6. Michael Siva, "Why did the Black Poor of London not support the Sierra Leone Resettlement Scheme?", History Matters Journal, Vol. 1, No. 2 (Winter, 2021), pp. 34-5.
  7. Stephen Braidwood, Black Poor and White Philanthropists: London's Blacks and the Foundation of the Sierra Leone Settlement 1786 – 1791, Liverpool University Press, 1994.
  8. Braidwood, Stephen J. (1994). Black poor and white philanthropists : London's Blacks and the foundation of the Sierra Leone settlement, 1786-1791. UPSO eCollections (University Press Scholarship Online). Liverpool: Published for the Department of History, University of Liverpool [by] Liverpool University Press. p. 71. ISBN 978-1-84631-729-3. OCLC 872394133.
  9. Peter Fryer in Staying Power: The History of Black People in Britain (London: Pluto Press, 1984; p. 195) quotes a contemporary commentator who called them "indigent, unemployed, despised and forlorn", saying that "it was necessary they should be sent somewhere, and be no longer suffered to invest [sic] the streets of London" (C. B. Wadström, An Essay on Colonization, 1794–5, II, 220).
  10. "Freed slaves in Sierra Leone". The Guardian. 31 August 2005. ISSN 0261-3077. Retrieved 20 September 2020.
  11. Michael Siva, "Why did the Black Poor of London not support the Sierra Leone Resettlement Scheme?", History Matters Journal, Vol. 1, No. 2 (Winter, 2021), p. 35.
  12. Michael Siva, "Why did the Black Poor of London not support the Sierra Leone Resettlement Scheme?", History Matters Journal, Vol. 1, No. 2 (Winter, 2021), pp. 25, 44.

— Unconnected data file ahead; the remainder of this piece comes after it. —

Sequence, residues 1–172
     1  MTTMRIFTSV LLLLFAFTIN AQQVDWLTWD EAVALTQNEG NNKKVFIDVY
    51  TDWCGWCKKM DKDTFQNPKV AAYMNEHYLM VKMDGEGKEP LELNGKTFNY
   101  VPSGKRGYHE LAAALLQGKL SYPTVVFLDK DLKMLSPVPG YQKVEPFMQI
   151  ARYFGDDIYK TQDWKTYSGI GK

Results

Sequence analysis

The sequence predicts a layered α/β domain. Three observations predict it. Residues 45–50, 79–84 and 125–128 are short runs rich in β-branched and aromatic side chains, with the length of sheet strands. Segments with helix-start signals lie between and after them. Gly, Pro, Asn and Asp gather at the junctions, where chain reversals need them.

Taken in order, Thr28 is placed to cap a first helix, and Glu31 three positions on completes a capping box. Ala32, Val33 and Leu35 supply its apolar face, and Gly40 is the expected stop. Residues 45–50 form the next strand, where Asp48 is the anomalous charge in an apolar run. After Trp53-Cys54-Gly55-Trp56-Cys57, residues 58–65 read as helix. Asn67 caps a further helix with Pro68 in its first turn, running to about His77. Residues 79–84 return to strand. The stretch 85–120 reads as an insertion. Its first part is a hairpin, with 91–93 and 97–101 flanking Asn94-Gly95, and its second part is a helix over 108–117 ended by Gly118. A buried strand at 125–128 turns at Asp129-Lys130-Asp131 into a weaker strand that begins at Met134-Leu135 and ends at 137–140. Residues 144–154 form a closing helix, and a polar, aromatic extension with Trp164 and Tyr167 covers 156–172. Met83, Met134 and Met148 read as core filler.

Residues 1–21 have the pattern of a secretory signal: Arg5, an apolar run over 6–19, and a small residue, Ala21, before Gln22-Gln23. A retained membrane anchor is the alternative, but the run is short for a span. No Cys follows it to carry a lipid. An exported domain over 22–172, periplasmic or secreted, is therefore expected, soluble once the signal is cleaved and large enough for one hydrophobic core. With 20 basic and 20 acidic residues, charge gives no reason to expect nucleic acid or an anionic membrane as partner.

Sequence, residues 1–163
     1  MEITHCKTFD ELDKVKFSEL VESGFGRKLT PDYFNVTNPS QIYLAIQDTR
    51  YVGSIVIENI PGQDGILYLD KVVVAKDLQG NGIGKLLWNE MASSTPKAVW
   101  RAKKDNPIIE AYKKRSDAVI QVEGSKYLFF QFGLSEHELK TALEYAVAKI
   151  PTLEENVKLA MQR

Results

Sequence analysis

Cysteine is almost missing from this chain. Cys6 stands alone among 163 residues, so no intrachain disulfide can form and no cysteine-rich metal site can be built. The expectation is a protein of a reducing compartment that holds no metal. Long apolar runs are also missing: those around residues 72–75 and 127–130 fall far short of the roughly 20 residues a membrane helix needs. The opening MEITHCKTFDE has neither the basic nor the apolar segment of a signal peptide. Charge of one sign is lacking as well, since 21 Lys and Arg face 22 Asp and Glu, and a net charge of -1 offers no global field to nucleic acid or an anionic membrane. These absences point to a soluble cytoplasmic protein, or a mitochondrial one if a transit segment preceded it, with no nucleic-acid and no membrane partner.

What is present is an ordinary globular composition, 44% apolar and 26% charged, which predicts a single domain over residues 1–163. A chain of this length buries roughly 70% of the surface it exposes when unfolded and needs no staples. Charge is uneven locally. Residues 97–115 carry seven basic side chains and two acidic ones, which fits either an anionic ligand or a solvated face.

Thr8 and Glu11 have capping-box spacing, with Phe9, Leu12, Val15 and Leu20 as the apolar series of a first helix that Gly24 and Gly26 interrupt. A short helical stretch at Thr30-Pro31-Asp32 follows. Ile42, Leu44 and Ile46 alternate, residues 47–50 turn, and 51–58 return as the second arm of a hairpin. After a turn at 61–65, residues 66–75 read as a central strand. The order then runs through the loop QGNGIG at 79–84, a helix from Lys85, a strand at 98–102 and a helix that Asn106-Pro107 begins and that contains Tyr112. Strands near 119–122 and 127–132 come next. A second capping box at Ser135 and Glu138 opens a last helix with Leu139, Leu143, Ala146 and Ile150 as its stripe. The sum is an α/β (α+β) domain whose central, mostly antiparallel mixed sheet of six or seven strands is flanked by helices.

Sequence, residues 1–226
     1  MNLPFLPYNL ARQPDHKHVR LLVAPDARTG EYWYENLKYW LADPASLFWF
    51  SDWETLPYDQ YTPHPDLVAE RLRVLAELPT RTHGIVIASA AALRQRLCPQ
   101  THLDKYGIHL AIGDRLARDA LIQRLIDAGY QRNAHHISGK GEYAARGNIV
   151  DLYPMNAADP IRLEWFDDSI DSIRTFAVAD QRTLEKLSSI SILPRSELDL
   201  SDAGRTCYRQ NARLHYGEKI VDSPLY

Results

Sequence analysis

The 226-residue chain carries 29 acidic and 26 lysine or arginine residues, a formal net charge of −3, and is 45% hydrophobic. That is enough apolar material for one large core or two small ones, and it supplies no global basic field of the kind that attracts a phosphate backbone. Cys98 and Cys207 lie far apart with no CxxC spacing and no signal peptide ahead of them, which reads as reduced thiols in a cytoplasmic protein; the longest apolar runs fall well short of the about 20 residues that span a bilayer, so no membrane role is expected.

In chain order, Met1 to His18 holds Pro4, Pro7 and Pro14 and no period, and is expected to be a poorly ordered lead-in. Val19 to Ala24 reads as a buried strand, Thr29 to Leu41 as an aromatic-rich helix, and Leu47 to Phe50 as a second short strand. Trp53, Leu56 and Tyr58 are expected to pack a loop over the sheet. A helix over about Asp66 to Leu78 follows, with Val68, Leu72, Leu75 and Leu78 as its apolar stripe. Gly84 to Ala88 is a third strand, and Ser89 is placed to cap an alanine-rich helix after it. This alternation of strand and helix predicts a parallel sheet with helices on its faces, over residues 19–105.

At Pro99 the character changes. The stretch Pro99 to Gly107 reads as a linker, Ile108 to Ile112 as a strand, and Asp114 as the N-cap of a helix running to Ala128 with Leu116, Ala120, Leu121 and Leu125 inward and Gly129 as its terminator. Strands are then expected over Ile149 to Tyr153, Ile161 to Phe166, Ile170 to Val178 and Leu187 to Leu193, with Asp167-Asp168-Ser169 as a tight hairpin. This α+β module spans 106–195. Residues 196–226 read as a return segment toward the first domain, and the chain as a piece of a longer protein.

13. Sivapragasam, Michael, "Why Did Black Londoners not join the Sierra Leone Resettlement Scheme 1783–1815?" Unpublished Master's dissertation (London: Open University, 2013), pp. 26-33.
  14. Michael Siva, "Why did the Black Poor of London not support the Sierra Leone Resettlement Scheme?", History Matters Journal, Vol. 1, No. 2 (Winter, 2021), pp. 38-43.
  15. "The Sierra Leone Company". Archived from the original on 28 September 2007. Retrieved 19 October 2007.{{cite web}}: CS1 maint: bot: original URL status unknown (link)
  16. ""Gustavus Vassa: Olaudah Equiano". Plymouth City Council website". Archived from the original on 13 October 2007. Retrieved 19 October 2007.
  17. "Economic History of Sierra Leone". Retrieved 10 October 2016.
  18. Michael Siva, "Why did the Black Poor of London not support the Sierra Leone Resettlement Scheme?", History Matters Journal, Vol. 1, No. 2 (Winter, 2021), p. 44.
  19. Michael Siva, "Why did the Black Poor of London not support the Sierra Leone Resettlement Scheme?", History Matters Journal, Vol. 1, No. 2 (Winter, 2021), p. 44.
  20. Michael Siva, "Why did the Black Poor of London not support the Sierra Leone Resettlement Scheme?", History Matters Journal, Vol. 1, No. 2 (Winter, 2021), p. 45.
  21. Michael Siva, "Why did the Black Poor of London not support the Sierra Leone Resettlement Scheme?", History Matters Journal, Vol. 1, No. 2 (Winter, 2021), p. 46.
  22. Simon Schama (2006), Rough Crossings, p. 363.
  23. "The Sierra Leone Company", Black Loyalists: Our History, Our People.

Further reading

  • Braidwood, Stephen (1994). Black Poor and White Philanthropists: London's Blacks and the Foundation of the Sierra Leone Settlement 1786 - 1791. Liverpool: Liverpool University Press. ISBN 0-85323-377-2.
  • Simon Schama, Rough Crossings: Britain, the Slaves and the American Revolution, BBC Books, 2005 (ISBN 0-563-48709-7)
  • Sivapragasam, Michael, "Why Did Black Londoners not join the Sierra Leone Resettlement Scheme 1783–1815?" Unpublished Masters dissertation (London: Open University, 2013).